Yet another exciting aspect of these practices is that, taken together, they promote carbon sequestration — the process of pulling carbon out of the atmosphere and back into the earth, which is something that plants naturally do through photosynthesis. With its emphasis on continuous plant cover, regenerative agriculture — if practiced widely enough — could be part of the broader set of solutions needed to address climate change.
The view across the farm-to-fork value chain
Companies across sectors are pursuing regenerative agriculture within their own commercial operations.
Food and beverage
Food and beverage makers are practicing regenerative agriculture on their own farmland and making it one of their product-sourcing criteria. For example, after going public in 2019 with its million-acre push for regenerative agriculture, General Mills announced a second initiative to provide incentives for Kansas wheat farmers to take up regenerative practices. Meanwhile, dairy company Danone North America has stepped up its funding for regenerative agricultural practices at dairy farms, with an eye toward using the products for its Dannon and Oikos yogurts. In addition, Hormel-owned Applegate Farms has introduced The New Food Collective, a brand of premium sausage with meat from small U.S. farms that use regenerative agricultural practices, and London-based Tate & Lyle is working with Land O’Lakes to monitor and improve soil health across 1.5 million acres of U.S. corn.
Ingredient providers are pursuing partnerships with food makers, farmers and other organizations to advance regenerative agriculture. Swiss fragrance and flavor company Firmenich has paired with Nelixia, a producer of essential oils, to source from farms that emphasize regenerative agriculture. For its part, German ingredient provider Symrise is helping Madagascar farmers improve vanilla cultivation practices.
Agribusiness companies are providing technological resources, support and training to encourage farmer partners to adopt regenerative practices. That’s the case at Corteva Agriscience, which is supporting The Nature Conservancy in its efforts to accelerate sustainable farming methods. Danone-led Farming for Generations is a global alliance that helps dairy farmers adopt regenerative agricultural practices. Also noteworthy: Swiss agricultural chemical and seed firm Syngenta has introduced cover cropping to the rocky plots of olive farmers in Spain.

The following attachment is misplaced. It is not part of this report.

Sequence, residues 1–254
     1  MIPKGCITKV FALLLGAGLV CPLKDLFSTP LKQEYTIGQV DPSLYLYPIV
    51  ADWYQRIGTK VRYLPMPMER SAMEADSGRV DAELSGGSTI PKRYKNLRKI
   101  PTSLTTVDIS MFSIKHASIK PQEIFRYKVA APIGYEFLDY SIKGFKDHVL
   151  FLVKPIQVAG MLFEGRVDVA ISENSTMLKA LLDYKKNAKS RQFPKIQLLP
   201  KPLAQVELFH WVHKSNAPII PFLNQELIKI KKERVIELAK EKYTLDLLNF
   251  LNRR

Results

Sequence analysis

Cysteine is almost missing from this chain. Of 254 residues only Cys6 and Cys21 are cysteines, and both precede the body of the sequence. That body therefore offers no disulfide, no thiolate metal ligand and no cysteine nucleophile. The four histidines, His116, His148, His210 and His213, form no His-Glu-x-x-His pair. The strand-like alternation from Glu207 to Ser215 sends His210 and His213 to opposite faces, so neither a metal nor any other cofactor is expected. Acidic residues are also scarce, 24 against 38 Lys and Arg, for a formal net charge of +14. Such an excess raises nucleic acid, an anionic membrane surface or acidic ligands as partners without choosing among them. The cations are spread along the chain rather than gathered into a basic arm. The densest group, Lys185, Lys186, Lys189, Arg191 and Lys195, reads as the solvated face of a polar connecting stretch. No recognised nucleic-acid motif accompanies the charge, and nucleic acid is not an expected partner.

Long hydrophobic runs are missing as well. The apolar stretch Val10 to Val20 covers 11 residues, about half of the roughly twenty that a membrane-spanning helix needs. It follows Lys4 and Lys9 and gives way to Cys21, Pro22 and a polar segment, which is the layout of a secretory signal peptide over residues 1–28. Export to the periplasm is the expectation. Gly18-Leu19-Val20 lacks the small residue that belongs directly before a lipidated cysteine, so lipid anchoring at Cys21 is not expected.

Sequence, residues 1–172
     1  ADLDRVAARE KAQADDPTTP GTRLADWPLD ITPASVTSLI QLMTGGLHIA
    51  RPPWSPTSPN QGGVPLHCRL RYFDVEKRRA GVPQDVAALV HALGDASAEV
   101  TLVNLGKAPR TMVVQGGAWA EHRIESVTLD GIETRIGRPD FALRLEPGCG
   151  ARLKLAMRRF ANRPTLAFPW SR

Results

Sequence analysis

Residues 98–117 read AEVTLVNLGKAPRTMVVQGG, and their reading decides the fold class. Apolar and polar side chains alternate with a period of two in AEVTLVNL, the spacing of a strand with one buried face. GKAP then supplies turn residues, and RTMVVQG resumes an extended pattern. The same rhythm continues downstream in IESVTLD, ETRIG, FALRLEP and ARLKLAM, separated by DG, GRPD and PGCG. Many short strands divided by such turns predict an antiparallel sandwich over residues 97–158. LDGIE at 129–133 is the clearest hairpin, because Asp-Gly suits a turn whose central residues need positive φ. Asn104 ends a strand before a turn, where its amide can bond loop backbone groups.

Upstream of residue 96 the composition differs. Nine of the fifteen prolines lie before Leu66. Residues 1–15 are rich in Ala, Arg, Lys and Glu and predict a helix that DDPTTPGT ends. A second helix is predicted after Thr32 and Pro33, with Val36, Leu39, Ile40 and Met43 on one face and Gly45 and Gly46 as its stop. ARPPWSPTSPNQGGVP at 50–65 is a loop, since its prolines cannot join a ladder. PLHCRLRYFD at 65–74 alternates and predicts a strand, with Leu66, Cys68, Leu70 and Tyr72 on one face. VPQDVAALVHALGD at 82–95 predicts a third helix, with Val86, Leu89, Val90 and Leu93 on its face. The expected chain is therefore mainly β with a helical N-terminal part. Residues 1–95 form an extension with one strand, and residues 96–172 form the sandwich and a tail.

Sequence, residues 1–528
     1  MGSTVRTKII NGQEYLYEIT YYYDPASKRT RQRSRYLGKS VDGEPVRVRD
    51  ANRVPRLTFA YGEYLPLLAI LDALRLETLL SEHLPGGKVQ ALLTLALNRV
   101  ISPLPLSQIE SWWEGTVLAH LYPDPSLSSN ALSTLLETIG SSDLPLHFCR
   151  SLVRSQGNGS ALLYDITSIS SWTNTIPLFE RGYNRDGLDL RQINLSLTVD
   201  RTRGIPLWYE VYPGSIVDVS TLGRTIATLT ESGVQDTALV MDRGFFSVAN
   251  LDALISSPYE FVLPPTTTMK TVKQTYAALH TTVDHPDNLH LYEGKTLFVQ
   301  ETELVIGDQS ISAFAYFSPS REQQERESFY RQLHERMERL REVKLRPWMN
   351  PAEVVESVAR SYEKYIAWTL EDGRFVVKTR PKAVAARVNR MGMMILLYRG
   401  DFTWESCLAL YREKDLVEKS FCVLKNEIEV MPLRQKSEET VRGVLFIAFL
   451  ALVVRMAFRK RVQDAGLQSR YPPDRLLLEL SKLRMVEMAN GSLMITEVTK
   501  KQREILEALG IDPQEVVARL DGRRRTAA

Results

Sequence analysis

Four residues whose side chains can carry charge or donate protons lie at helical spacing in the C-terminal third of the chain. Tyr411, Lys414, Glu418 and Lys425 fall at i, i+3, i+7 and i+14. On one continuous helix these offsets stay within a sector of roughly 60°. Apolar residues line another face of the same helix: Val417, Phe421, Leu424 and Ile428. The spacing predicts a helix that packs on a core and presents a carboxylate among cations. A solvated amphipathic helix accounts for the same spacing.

Personal care products
Companies that make personal care products are starting to shift sourcing to farms that practice regenerative agriculture. Miriam’s Skincare is a personal care brand that sources from farms that practice rotational cropping and grazing. Dr. Bronner’s, a large soap and personal care products manufacturer, sources only from producers that use regenerative agricultural practices.
New market entrants
Some upstarts have made regenerative agriculture a linchpin of their business model. One is Cholaca, a chocolate manufacturer that sources its cacao beans exclusively from heirloom cacao farms owned and operated by regenerative farm cooperatives in Ecuador and Colombia. Serenity Kids, a company specializing in baby food, likewise sources its vegetables and meats from farms that operate under regenerative models. And Blue Apron co-founder Matthew Wadiak launched Cooks Venture, an online grocer that has developed its own regenerative farming system and is partnering with small farms to encourage the system’s adoption.